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Plastic (GRP) or Wood?

by Pedro

Hi,

I know there is great discussion between whether wood or plastic is better for a dinghy. My RS 200 is plastic and I like it. It is lighter and definitely the material to use for a high performance dinghy. Wood looks really nice, but I don't think it has many other traits attributed to it.

Alex, I know that you sail a wooden GP14. How does that compare to a plastic one?

What do the rest of you think?

Thanks,
Pedro

Comments for Plastic (GRP) or Wood?

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Nov 26, 2009
You are right to an extent...
by: Alex

Hey Pedro,

You are correct in saying that I sail a wooden GP14 with my partner. It does look incredible and is so glossy that you can see your reflection in it. Everyone comes and touches it, because it is so smooth.

However there are more advantages than just aesthetics. I think that the main think about wooden boats is that they have very little resistance to the water when they are glossed over, unlike plastic boats.

However they are usually heavier and cost a lot more to buy (and repair!). Fibreglass boats are usually cheaper and easier to repair as you just inject more plastic into the damage whilst on a wooden boat, you have to remove the damaged section and put a new piece in.

Also when wooden boats haven't been looked after they look terrible! Fibreglass hulls, don't need to be maintained as much and so look good after weeks of no maintenance.

Mainly though, wooden boats will be purchased because they look better and for not many other reasons!

Nov 26, 2009
cool!
by: Tonette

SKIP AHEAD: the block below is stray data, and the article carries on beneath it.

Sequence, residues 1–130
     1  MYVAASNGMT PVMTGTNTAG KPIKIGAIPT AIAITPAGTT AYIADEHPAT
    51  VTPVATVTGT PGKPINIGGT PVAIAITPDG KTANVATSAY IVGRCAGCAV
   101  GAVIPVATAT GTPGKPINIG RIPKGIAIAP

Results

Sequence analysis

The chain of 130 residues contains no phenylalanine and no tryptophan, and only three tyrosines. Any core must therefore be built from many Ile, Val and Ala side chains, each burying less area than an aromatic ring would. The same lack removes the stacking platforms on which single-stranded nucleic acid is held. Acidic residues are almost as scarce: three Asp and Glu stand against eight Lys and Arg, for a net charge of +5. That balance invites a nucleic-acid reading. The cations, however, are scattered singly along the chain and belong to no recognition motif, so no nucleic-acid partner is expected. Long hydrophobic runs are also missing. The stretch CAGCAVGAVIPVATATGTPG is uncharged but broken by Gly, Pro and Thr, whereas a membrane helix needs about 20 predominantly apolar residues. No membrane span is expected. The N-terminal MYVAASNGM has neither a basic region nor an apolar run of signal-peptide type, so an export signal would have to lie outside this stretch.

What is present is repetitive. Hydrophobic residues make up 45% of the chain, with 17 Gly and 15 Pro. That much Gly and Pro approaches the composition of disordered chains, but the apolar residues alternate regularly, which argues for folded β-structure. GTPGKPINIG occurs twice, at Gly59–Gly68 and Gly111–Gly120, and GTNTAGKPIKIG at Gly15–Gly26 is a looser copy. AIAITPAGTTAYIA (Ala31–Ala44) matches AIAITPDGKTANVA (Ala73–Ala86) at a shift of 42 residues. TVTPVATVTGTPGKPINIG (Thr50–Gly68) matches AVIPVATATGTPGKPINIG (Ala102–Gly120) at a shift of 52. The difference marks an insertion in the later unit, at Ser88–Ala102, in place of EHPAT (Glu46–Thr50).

mine is made of wood too..i havent seen one whose made of plastic ..would you care to post some pics here? just curious..thanks in advance..

Nov 26, 2009
Here is a link...
by: Alex

Hi Tonette,

Pedro submitted a page about his Best Sailboat! the RS 200, which you can find here: http://www.startedsailing.com/rs-200.html

There is a picture there of a plastic RS 200.

Nov 26, 2009
hi!
by: Nakchura

Hello! We're actually using boats that is made of plastic, fibertech to be exact. I've just started sailing. To you experienced sailors, do you know which of the two is better? Or are the two just okay to use but just have some differences?

Nov 26, 2009
oh yeah!
by: nakchura

Hello! I saw the pic. The sailing boat I've used is like that one! Ha ha. But its a little wider. A sailing boat that is narrow is better correct?

Nov 26, 2009
GRP vs Wood
by: Han

Since the first GRP boats were made, magazines have flourished on this topic and libraries have been filled with books on it. Apart from the aesthetics I like wooden boats more than GRP ones, because they give me a feeling of companionship. Yes, pun intended. Now to experience.

The only dinghy-class I know of that allows wooden as well as GRP hulls is the FD, and I maintained and sailed both of them. The wooden one (moulded plywood) was too light to meet class rules, so it had to be ballasted; instead I rigged some extra gear, so that was a big advantage.

The GRP one first met the weight-rules, but within a few years osmosis took over and it became too heavy, that's why I sold it and sailed the wooden one some more, to my delight. That was my comment on the weight-issue.

Then the maintenance- and repair-issues. Both hulls had to be on land when not in use. Both had to be hosed down and waxed regularly for the same reason: deterioration of the lacquer-finish on the wooden one, and deterioration of the gelcoat on the GRP one by UV-light. There goes maintenance-free.

And last, repair. Even when a GRP hull looks only slightly damaged by a bump, the laminate can very well have been delaminated which weakens the structure. So the whole affected area has to be sanded out in the shape of a shallow bowl, dried for a couple of days under IR-light and then filled up very carefully with fibre and polyester. Injection with a shot of plastic is certainly not the right way.

In my opinion the repair of wood is easier.

Nov 26, 2009
One more thing...
by: Han

And for Nakchura: I sailed in a Dutch class of roundbottoms, 4.80 meters long with a beam of 2.40 m, and it sailed a well-measured speed in a beam-reach of 6,4 knots. So narrow is not always better! Wait for my article on the Tjotter, and for now you could also look at the video in Racing Dutch Barges: great fun!
Sorry Alex, a bit off-topic, but I HAD to answer this one.

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